Workshop on the Science and Governance of Solar Radiation Management
The workshop on solar radiation management geoengineering takes place on 6 June 2017 in Nairobi, Kenya.
Solar radiation management geoengineering (SRM) is a controversial and theoretical proposal for addressing some of the risks of global. If ever implemented, it would involve blocking out a small amount of sunlight to cool the planet - for instance by spraying tiny reflective particles into the upper atmosphere to replicate the cooling effect of volcanoes. If it could be made to work, SRM would be the only known way to quickly slow, stop, or even reverse the rise in global temperatures. As such, it might be helpful for addressing some of the committed risks of climate change. However, its effects are still highly uncertain, there might be damaging side effects, and any impacts would not be restricted by national boundaries.
Developing countries have the most to gain or lose from any decisions over SRM, as they are typically less resilient to environmental changes, whether caused by global warming or geoengineering. However, much of the research and discussion of SRM is taking place in developed countries.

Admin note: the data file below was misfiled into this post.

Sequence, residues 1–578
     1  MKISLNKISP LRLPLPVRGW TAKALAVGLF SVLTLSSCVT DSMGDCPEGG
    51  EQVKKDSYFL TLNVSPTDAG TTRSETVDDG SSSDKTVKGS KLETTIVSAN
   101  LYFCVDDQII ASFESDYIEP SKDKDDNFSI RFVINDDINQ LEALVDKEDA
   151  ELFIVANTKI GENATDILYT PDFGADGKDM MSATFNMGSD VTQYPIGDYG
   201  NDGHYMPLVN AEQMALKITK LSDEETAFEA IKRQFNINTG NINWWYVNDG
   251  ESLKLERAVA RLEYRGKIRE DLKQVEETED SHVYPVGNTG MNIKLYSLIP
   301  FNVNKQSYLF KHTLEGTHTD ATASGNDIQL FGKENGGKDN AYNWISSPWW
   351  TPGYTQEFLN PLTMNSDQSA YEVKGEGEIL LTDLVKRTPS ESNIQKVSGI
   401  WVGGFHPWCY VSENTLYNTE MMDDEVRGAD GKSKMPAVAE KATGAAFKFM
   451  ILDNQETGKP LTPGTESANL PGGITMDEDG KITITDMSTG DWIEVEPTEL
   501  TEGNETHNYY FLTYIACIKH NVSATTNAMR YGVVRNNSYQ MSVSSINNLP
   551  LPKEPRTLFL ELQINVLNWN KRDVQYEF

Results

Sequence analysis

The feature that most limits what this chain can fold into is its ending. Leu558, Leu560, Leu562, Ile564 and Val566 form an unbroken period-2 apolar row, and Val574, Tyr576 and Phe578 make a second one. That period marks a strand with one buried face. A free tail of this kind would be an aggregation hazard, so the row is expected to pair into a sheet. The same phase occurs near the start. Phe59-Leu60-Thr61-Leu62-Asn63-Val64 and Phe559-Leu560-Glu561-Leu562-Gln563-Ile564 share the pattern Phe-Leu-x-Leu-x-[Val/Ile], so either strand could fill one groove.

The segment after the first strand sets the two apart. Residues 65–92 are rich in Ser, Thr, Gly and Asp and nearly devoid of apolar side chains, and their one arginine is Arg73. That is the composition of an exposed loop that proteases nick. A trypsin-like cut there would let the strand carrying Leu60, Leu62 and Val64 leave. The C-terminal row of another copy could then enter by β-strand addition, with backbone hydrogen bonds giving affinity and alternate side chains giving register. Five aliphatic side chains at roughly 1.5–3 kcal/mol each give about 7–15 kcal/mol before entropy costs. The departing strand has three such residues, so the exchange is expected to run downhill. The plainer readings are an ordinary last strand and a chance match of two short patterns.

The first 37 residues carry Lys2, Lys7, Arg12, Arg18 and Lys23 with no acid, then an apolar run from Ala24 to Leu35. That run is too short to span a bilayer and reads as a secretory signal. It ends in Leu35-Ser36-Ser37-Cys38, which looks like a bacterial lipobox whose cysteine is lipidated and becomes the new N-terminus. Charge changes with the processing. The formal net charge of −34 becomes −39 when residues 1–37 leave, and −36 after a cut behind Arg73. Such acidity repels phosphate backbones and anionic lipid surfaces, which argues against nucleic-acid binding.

The workshop will seek to kick-start a discussion of SRM research governance in the Kenyan climate community. Featuring expert presentations and group exercises, it will provide an introduction to the science of SRM, and the many socio-political and ethical issues it raises. The workshop and the organisations that are hosting it are neutral on the issue of SRM. They solely seek to expand the discussion around this important topic, rather than promoting or opposing it.